This article describes the biogas activities in Asia by highlighting the success stories of China, India, and Nepal. Further, the article describes the scaling up of the Asia Biogas Programme. Vietnam is highlighted and the National Biogas and Manure Programme in Nepal is described, as well as the Biodigester Support Programme in Cambodia. Further, the article continues with CDM as a financing instrument.
The report concludes that it is most unfortunate that the reference to projects that replace nonrenewable biomass has been removed from the small-scale CDM methodologies. It is of hope that alternative methods for calculating emission reductions for small-scale project activities that propose the switch from non-renewable to renewable biomass will become available soon.
This document presents basic information about biogas technology in the form of Biogas Digest Volume 4. The document contains 19 sections on different countries and regions. They are respectively:
• Biogas technology in Bangladesh
• Biogas technology in Belize
• Biogas technology in Bolivia (region Chochabamba)
• Biogas technology in Burundi
• Biogas technology in China (Sichuan)
• Biogas technology in Columbia
• Biogas technology in India
• Biogas technology in Orissa (India)
• Biogas technology in Sangli (India)
• Biogas technology in the Ivory Coast (region of Korhogo)
• Biogas technology in Jamaica
• Biogas technology on Java (province of Central Java)
• Biogas technology in Kenya
• Biogas technology in Morocco (region of Souss-Massa)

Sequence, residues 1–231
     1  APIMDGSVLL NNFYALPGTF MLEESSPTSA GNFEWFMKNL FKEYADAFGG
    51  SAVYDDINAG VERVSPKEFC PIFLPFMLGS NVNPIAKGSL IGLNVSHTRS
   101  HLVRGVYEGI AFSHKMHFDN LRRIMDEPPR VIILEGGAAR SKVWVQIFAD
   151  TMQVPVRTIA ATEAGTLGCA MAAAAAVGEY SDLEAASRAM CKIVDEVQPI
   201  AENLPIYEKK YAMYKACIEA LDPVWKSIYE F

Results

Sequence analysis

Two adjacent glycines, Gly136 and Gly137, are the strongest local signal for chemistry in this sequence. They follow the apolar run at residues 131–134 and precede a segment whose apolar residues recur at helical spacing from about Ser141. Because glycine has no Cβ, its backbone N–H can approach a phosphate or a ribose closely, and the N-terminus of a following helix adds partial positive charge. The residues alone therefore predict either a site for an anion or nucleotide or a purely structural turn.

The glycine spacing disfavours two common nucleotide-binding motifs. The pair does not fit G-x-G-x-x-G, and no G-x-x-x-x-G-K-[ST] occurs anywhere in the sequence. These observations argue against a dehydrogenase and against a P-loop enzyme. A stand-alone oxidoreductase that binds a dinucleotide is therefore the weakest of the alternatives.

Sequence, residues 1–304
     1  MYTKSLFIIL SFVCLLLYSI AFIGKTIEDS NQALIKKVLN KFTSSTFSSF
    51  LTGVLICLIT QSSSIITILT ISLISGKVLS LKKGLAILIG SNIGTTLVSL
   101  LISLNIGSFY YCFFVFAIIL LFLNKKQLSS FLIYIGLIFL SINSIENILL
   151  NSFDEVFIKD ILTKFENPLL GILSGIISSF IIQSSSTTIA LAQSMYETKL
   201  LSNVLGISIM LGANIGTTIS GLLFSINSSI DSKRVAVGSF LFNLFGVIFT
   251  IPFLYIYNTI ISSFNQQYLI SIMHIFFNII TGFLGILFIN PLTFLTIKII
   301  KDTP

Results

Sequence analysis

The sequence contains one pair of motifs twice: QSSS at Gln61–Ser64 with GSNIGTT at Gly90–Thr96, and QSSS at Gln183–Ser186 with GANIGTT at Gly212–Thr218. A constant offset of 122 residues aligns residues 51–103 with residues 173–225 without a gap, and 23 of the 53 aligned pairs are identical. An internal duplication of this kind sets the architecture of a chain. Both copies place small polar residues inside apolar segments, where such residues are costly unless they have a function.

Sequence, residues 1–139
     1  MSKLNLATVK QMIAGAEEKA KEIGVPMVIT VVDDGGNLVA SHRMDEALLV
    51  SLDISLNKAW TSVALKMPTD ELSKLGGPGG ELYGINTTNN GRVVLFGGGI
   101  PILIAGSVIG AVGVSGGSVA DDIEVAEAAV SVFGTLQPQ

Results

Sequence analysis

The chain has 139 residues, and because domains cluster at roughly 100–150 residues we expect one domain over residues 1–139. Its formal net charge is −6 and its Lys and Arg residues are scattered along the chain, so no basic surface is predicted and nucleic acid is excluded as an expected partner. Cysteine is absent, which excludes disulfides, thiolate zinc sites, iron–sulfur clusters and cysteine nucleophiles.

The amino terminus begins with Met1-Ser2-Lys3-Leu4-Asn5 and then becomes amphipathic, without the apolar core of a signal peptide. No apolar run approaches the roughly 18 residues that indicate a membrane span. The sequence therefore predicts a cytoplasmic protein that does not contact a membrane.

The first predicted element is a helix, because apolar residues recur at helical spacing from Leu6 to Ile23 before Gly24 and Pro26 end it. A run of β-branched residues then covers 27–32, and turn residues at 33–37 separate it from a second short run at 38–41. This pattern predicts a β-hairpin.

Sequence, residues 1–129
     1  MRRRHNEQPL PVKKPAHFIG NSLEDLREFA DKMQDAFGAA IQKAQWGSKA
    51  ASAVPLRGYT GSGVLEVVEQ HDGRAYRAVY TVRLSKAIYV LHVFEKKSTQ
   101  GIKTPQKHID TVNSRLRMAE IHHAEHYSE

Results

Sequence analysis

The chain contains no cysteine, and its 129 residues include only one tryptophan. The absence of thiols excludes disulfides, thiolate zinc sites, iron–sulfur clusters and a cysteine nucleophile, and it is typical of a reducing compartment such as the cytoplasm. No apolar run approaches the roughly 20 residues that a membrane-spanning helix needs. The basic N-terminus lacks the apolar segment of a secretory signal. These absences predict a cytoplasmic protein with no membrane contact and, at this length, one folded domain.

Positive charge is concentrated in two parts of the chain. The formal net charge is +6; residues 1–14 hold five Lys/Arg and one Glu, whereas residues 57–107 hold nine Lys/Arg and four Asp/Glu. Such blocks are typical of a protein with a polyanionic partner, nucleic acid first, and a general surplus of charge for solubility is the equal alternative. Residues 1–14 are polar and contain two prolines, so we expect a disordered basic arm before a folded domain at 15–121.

• Biogas technology in Nepal
• Biogas technology in Tanzania
• Biogas technology in Thailand
• Biogas technology in Tunisia (Sejenane, El Kef)
• Biogas technology in Vietnam
The overall objective of a domestic biogas programme is the dissemination of domestic biodigesters as an indigenous, sustainable energy source through the development of a commercial, market oriented biodigester sector. Revenue from carbon trading is sought to achieve this objective, because the technology reduces GHG emissions. This project design document form, describes the small-scale project activities of the CDM Project of Bagepalli Coolie Sangha in 2009.The purpose of this Biogas CDM Project activity is to set up 18,000 biogas plants (digesters) of 2 m3 capacity each for single households in 5 Taluks of Chickballapur District1 by the Coolie Sangha, and in this way replace Kerosene and Non-Renewable Biomass with biogas for cooking and hot water heating. These biogas units will be installed in a phased manner of 6,000 units per year for a period of 3 years. There are a lot of benefits for the families as described in the report.
It provides a technical description with an estimated reduction of emissions over the chosen crediting period, application of baseline and monitoring methodology including baseline development, project boundary, and a description of how the anthropogenic emissions of GHG by sources are reduced below those that would have occurred in the absence of the registered small-scale CDM project activity. The report focuses on different barriers and emission reductions. The application of a monitoring methodology, description of the monitoring plan, activity/crediting period, environmental impacts, and stakeholders’ comments are also described.
The overall objective of a domestic biogas programme is the dissemination of domestic biodigesters as an indigenous, sustainable energy source through the development of a commercial, market oriented biodigester sector. Revenue from carbon trading is sought to achieve this objective, because the technology reduces GHG emissions. This project design document form, describes the small-scale project activities of the CDM Project of Kolar Biogas Project in 2008.
The purpose of this Biogas CDM Project activity is providing biogas units to households in rural areas of Kolar District in Karnataka State in India. The project encompasses 10,000 households in all five Taluks in Kolar District – Srinivaspur, Kolar, Mulbagal, Malur, and Bangarapet. In each of the 10,000 households covered by the proposed project a family size biogas unit will be installed. The biogas unit will be of either 2m3 or 3m3 capacity depending on the number and type of cattle owned by the household and the number of people in the household.